Moggach finished with a record of 467-172-43. St. John, who won six state titles at Catholic Central and another at Cranbrook, had a record of 229-29-18 in 10 seasons at Catholic Central.
“I was excited for (Moggach) when I heard the news,” Kivisto said, “seeing him put at a level of the guys who have won the award and the contributions they made to high school hockey. It’s neat to see him recognized at that level.”
Both men will receive their awards sometime this spring.
“I can be recognized,” Moggach said, “and I think kids are and their families are always looking for that. But I think before you do that you have to build the program, the program has to be something that's respectful and respected and competitive, and I think we accomplished that.”
Gordon St. John led Detroit Catholic Central and Bloomfield Hills Cranbrook Kingswood to a combined eight Finals championships over 16 seasons, the last seven with the Shamrocks including five straight in Class A or Division 1 from 1999-2003.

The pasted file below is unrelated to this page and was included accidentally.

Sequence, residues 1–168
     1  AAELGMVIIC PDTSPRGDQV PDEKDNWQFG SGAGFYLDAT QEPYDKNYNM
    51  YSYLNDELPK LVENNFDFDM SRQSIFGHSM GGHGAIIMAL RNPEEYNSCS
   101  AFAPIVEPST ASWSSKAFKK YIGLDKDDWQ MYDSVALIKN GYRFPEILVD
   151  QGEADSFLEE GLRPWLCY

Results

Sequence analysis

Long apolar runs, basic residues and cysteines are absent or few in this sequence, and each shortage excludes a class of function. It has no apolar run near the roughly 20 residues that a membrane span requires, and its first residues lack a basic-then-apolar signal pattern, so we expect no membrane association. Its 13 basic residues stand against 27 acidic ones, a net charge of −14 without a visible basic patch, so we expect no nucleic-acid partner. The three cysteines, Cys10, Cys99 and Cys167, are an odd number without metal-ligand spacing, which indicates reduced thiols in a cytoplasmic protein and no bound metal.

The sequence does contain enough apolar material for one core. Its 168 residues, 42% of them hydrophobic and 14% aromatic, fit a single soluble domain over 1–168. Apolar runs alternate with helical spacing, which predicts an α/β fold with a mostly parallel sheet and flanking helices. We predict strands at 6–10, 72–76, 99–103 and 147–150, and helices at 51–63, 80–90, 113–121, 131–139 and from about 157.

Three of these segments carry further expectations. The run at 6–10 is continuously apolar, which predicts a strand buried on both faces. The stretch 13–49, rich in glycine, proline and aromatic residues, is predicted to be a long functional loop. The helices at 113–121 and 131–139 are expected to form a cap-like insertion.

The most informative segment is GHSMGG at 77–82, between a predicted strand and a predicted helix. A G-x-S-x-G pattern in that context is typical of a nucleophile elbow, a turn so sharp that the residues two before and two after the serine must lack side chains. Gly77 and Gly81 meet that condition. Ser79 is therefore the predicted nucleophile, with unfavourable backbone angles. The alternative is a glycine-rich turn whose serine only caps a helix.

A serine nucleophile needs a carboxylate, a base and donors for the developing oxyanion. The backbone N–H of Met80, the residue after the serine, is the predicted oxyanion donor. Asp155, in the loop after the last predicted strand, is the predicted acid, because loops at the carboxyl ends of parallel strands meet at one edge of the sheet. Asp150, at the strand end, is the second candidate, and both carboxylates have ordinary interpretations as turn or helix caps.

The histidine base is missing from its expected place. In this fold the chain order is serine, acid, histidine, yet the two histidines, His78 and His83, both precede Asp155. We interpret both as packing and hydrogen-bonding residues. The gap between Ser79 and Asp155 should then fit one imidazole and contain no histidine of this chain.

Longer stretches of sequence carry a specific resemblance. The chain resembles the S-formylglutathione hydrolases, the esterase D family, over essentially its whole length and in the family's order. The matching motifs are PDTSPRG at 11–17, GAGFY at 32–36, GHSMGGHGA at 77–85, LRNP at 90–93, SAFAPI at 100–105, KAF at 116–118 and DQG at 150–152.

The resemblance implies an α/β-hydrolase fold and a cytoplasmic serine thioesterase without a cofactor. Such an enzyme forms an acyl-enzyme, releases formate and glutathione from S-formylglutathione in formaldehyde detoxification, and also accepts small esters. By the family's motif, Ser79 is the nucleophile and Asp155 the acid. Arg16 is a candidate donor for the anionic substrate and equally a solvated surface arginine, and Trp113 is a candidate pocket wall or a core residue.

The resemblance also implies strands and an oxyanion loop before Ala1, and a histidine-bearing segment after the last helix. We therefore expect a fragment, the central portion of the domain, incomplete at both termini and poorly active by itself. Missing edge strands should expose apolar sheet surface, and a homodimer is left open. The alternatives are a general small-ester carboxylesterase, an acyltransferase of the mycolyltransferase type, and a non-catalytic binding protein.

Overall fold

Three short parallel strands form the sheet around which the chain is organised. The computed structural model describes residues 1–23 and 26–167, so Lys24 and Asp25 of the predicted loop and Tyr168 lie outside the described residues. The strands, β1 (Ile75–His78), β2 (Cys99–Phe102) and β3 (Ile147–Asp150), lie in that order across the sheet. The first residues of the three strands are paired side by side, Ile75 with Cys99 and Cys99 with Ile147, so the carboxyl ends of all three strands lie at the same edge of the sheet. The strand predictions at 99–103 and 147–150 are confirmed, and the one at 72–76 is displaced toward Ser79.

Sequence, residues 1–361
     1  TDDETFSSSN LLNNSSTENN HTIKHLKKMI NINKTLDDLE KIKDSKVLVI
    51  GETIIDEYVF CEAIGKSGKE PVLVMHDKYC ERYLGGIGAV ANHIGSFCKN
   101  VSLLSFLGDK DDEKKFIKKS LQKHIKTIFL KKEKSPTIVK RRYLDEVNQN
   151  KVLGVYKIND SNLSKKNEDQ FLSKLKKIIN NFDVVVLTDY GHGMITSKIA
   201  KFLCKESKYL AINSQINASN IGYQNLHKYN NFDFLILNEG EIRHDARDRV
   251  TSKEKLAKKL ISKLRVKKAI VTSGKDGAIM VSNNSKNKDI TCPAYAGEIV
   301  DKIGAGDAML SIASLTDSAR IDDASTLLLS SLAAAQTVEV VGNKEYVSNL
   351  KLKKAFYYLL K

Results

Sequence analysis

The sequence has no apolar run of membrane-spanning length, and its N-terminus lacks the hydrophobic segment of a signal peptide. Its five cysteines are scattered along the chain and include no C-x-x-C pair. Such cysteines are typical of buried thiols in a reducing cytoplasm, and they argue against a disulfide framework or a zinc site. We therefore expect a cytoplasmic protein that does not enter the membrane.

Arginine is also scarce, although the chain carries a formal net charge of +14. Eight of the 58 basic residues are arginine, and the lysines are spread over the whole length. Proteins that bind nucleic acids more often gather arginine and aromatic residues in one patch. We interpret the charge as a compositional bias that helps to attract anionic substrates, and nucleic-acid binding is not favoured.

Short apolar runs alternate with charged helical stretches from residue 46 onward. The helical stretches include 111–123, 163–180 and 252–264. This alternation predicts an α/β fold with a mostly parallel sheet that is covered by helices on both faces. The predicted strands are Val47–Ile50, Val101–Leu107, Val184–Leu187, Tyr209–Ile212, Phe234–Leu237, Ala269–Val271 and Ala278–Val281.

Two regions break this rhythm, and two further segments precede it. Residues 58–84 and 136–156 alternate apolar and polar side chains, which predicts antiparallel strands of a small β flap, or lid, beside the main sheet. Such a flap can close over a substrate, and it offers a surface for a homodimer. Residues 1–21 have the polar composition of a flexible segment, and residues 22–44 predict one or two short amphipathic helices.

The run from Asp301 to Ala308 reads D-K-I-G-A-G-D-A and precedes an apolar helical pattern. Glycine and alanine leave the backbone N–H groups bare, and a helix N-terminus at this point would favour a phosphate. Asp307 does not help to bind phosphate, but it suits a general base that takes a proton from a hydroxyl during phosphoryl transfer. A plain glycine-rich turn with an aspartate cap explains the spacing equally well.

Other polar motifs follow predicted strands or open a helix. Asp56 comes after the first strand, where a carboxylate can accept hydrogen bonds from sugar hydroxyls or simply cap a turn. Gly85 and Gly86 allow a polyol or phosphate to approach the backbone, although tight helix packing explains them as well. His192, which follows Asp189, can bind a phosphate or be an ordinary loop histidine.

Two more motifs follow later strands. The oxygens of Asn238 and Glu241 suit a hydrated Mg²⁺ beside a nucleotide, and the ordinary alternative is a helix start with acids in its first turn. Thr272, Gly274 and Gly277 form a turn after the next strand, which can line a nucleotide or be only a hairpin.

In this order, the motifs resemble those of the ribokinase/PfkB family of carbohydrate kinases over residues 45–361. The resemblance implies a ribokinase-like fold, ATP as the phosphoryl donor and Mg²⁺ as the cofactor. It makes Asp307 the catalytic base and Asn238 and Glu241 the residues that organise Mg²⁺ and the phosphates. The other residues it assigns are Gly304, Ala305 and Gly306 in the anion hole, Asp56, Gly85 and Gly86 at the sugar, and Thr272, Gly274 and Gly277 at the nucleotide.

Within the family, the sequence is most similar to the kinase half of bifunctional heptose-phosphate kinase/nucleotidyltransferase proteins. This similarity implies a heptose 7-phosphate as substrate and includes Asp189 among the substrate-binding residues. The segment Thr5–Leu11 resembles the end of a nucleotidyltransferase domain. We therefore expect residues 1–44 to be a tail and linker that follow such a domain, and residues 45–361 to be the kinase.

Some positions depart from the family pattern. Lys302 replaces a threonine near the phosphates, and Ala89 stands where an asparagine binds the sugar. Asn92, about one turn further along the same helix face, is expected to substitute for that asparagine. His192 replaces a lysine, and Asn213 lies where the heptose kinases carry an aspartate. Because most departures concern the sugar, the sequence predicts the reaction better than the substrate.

DCC’s Class A championship in 1994 was the first of now 17 Finals titles, which rank second-most in MHSAA history. He built a 222-29-18 record (.859 winning percentage) over 10 seasons leading the Shamrocks through 2003-04, the last two seasons as co-head coach before then staying with the program as an assistant and helping the team to another Division 1 championship in 2005.
St. John’s championship at Cranbrook came in 1988 in Class B-C-D.
PHOTOS (Top) Retired Brighton hockey coach Paul Moggach, far right, stands alongside his players as they await to receive their medals after winning the 2018 Division 1 championship (Middle) Moggach stands with his former assistant and current Brighton head coach Kurt Kivisto. (Middle photo by Tim Robinson; St. John photo courtesy of the American Hockey Coaches Association.)